What is in this article?:
- Olympics fail to attract more casual-dining sales, traffic
- Hockey a bright spot
- Looking beyond Sochi
Many executives anticipate other major sporting events, notably the NCAA basketball tournament during March Madness and the 2014 World Cup this summer, to have a bigger effect on traffic and sales.
Spectators at Fado in Chicago
Hockey a bright spot
Several operators have noted anecdotally that some events in which American teams and athletes were expected to compete for gold medals — particularly hockey — did boost sales and traffic in their restaurants.
Pudduck of 400-plus-unit Hooters made a second phone call to Nation’s Restaurant News from the restaurant in the Cumberland neighborhood of its headquarters city of Atlanta, noting in a voicemail that hundreds of customers had showed up to cheer on the United States’ men’s hockey team in a semifinal matchup against Canada.
“It is packed,” Pudduck said. “There are a ton of people here, and they’re definitely viewing and enjoying the hockey game. For sure, today will be a great day for the industry, but we’re also looking forward to March, where pretty much every day of the [NCAA basketball] tournament is like this.”
Eric Peterson, director of operations for Atlanta-based Fadó Irish Pub, said the Olympics have been more of a boon to the 14-unit chain than to other sports-friendly brands because the Winter Games match the excitement of international soccer, the sport that drives much of Fadó’s game day traffic.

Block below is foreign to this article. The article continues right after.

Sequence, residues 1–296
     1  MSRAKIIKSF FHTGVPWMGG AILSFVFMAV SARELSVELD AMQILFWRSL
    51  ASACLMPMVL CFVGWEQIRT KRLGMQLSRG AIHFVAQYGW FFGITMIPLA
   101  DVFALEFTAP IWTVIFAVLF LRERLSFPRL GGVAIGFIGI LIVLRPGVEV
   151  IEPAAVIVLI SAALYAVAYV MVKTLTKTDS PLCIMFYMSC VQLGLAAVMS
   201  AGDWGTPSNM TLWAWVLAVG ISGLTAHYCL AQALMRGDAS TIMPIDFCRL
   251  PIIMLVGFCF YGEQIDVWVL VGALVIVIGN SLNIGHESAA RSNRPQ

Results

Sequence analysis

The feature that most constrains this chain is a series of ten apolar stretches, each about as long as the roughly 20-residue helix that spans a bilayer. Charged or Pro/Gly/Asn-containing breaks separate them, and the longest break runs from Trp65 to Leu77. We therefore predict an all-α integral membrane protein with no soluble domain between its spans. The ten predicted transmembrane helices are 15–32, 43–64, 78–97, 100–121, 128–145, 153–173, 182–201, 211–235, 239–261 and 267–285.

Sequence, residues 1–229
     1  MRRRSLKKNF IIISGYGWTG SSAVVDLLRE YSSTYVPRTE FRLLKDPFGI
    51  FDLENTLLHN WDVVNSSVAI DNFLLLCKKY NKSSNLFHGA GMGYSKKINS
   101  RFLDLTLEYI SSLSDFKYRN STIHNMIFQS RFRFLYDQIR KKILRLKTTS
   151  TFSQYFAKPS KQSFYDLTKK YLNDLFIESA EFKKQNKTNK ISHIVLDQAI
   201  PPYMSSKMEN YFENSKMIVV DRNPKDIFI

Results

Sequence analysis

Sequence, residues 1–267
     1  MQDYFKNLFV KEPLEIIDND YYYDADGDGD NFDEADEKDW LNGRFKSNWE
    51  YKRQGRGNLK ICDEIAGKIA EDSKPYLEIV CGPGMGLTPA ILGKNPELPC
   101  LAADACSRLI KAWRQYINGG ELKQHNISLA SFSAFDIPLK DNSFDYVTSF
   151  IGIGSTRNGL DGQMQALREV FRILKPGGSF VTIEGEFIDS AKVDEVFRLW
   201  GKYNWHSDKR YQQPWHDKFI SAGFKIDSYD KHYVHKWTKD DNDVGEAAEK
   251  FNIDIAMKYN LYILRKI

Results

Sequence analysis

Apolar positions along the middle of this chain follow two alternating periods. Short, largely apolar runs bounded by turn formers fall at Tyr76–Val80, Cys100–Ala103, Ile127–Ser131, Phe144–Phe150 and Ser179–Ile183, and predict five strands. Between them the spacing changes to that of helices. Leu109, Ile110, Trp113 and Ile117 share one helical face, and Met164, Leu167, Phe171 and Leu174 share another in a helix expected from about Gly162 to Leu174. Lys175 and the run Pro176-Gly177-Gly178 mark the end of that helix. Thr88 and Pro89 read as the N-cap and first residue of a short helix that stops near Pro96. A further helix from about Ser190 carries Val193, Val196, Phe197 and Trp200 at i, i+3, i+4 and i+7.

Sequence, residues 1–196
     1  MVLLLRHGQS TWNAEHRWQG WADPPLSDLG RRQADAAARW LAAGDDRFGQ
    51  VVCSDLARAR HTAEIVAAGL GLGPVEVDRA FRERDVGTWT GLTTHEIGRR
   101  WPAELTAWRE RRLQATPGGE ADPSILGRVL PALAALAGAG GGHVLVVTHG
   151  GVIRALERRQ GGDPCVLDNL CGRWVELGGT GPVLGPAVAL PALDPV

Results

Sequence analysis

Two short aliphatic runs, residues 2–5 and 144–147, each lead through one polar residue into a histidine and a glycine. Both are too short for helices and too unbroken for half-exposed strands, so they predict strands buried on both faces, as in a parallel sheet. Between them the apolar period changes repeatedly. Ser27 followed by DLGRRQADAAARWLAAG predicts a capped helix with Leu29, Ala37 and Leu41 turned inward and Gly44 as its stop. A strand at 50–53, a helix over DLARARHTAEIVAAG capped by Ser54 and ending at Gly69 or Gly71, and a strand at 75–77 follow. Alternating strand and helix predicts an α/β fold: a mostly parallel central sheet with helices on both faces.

“It’s most specifically around men’s hockey and a little with women’s hockey,” Peterson said. “On the more popular sports readily accessible to people, we’ve promoted against them and seen incremental crowds. It brings out that nationalist pride no matter where you’re from. That gets people more hooked into the pub, and they’ve been extending their visit for one more appetizer or one more pint.”
As it does for soccer games for the English Premier League, Fadó opened its restaurants early in the morning to let crowds watch Olympic hockey games live.
“We opened up early last week for Team USA versus Russia, and we had 100 people, so it was well worth it,” Peterson said. “It was probably comparable to crowds in some locations for [a Champions League game between] Manchester City and Barcelona.”
Even for less popular sports like curling or ice dancing, as long as American athletes have a chance to advance, customers stick around longer to see how their countrymen do, he added.
“I’m not a hockey guy; I’m a USA guy,” Peterson said. “When we’re in the medal hunt, I’m into it, but I couldn’t tell you how to do a triple axle on ice skates.”